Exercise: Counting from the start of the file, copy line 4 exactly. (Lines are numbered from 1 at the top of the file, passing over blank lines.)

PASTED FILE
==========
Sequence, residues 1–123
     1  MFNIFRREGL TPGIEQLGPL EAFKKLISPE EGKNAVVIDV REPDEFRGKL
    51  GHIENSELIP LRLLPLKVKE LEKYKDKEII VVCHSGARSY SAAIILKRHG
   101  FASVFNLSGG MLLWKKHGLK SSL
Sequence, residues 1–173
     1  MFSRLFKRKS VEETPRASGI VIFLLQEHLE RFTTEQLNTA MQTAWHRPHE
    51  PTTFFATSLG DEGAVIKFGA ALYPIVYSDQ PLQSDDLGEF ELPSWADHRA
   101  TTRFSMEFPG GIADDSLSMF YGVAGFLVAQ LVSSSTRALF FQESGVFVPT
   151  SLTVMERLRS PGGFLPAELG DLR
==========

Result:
   101  FASVFNLSGG MLLWKKHGLK SSL